DUS adjusting to distance, virtual learning during first week of school

DOWAGIAC — Tuesday was the first day of school for Dowagiac Union Schools students.

However, for parents like Elizabeth Dorsey, classes had yet to begin as of Thursday.

In light of the ongoing COVID-19 pandemic, the district elected to have all students, from kindergarten through 12th grade, learn from home on Chromebooks for at least the first five weeks of the school year. Parents were then allowed to choose either a distance learning/in-person option or cyber/virtual learning option for their students.

Dorsey decided that the cyber learning option, which allows the student to take online courses through and requires a commitment for the full fall semester, was best for her son.

But, on Thursday, Dorsey said she and several other parents had yet to receive the login information necessary to access lessons online.

“On Tuesday, we started getting emails from the school’s K-5 Virtual Learning,” Dorsey said. “They said that they didn’t anticipate the high volume and were not prepared. They gave us a username for a demo, but we don’t have any logins for the actual site. They said it could take a couple of days to get those to us, and that was Wednesday. We still don’t have anything.”

Dorsey said that she has been giving her son some things to work on until the login information arrives.

“I got him some books off of Amazon,” she said. “He’s got some reading books, and I printed off some things he can work on. We’ve done some exercise routines, and he’s worked on geography.”

According to Dorsey, the main reason she was confident in her decision to choose the cyber learning option was the district’s transparency throughout the planning process. But with her son’s schooling in limbo, she hopes the district can act fast. Dorsey said that she has talked to parents who signed their children up for the virtual learning who are considering homeschooling their children for the semester.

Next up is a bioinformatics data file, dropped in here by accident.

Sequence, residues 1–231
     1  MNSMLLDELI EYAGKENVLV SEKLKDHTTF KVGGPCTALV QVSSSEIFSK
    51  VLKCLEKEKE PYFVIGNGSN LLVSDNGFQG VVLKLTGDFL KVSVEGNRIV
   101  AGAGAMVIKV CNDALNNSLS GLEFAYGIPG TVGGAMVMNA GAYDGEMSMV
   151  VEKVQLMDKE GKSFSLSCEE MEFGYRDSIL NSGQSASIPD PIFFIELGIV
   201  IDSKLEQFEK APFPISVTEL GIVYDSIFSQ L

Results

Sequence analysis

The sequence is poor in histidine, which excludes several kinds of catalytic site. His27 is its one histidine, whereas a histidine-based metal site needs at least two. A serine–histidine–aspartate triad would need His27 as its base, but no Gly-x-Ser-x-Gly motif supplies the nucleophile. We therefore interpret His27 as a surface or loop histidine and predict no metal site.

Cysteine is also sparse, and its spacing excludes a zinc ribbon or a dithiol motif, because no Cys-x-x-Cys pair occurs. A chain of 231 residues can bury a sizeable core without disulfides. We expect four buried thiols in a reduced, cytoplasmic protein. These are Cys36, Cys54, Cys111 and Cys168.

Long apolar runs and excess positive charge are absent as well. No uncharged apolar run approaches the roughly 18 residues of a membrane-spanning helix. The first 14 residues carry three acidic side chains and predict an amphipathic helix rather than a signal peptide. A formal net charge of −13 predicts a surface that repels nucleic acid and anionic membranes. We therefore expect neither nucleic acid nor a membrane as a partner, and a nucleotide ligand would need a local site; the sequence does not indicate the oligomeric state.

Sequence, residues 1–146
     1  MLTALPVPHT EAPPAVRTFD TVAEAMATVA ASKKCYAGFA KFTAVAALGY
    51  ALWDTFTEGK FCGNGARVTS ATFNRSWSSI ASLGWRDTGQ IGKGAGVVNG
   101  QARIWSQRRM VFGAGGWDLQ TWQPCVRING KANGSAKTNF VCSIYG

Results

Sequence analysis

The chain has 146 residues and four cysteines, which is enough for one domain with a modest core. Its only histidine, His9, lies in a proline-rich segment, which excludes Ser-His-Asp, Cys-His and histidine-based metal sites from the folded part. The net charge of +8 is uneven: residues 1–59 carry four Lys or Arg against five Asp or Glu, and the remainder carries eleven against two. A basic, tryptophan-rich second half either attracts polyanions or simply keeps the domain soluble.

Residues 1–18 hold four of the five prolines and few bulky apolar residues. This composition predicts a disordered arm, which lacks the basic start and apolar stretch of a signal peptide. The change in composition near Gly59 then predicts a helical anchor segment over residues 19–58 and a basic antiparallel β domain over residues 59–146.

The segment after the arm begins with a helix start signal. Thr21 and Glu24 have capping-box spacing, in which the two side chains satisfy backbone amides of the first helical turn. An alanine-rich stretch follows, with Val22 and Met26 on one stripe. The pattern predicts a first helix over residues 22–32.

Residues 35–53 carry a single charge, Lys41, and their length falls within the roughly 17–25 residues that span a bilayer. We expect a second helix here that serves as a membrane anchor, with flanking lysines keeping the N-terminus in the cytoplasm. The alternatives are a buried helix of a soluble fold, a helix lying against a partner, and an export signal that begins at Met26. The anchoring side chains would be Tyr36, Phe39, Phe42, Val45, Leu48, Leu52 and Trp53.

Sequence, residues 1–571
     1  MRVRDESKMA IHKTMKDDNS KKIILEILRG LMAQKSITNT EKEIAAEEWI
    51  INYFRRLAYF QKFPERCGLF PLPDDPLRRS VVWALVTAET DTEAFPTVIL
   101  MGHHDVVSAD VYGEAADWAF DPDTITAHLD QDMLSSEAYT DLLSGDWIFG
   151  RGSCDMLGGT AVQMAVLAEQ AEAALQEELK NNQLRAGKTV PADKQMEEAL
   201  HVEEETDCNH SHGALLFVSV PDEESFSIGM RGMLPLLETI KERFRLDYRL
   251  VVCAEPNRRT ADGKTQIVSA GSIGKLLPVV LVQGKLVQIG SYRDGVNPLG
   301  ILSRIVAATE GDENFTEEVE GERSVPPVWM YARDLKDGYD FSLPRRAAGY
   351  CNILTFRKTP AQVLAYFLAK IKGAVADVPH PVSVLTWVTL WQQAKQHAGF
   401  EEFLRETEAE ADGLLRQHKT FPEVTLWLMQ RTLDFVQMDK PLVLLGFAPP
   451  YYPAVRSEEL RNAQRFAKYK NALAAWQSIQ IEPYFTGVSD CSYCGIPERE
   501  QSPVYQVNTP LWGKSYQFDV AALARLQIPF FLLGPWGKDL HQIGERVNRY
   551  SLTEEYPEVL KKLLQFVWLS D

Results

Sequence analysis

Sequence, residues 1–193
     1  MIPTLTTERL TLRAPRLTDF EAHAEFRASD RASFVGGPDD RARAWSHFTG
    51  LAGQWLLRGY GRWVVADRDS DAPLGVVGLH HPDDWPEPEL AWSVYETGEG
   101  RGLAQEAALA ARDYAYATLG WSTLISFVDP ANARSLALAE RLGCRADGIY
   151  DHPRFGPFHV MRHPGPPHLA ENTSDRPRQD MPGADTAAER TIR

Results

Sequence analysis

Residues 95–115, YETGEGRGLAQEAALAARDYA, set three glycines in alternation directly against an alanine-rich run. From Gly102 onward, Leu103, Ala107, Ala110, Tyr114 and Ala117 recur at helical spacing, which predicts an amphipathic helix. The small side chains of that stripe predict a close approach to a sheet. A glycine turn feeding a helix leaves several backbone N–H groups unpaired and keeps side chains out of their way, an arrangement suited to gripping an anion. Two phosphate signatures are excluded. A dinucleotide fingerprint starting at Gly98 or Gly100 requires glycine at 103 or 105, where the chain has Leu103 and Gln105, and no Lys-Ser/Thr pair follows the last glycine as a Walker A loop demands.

“I can’t freak out because I have to see what happens,” Dorsey said. “But if we don’t have anything by next week, I’m going to have to figure something out. I’m not an elementary or middle school teacher. He needs that interaction with actual schoolwork. I was under the impression that it would be more organized. It’s kind of a disappointment. The community has to know what’s going on. Parents are feeling like since we chose virtual, we’ve been put on the backburner.”

Friday morning, District Superintendent Jonathan Whan said districts across the state had been dealing with hiccups in the virtual learning process, but as of Friday, every student who had been registered for classes in Dowagiac should have been up and running, and many had begun school activities other than classes prior to Friday.

Whan said the majority of virtual learning issues could be traced to either nonfunctioning email addresses or incomplete registration. He said if any parent of a student had not received any virtual learning information, they should contact their child’s school to solve the problem and ensure there is a functioning email address on file and their child’s registration is complete.

Whan acknowledged that the system is a new one for everyone involved, and he said the district is committed to both working with parents and the district’s virtual providers to make the transition as smooth as possible.

Despite the problems some parents have faced, Whan said he believed Dowagiac Union Schools had a successful first week of classes.

“I think it’s been a good one,” he said. 

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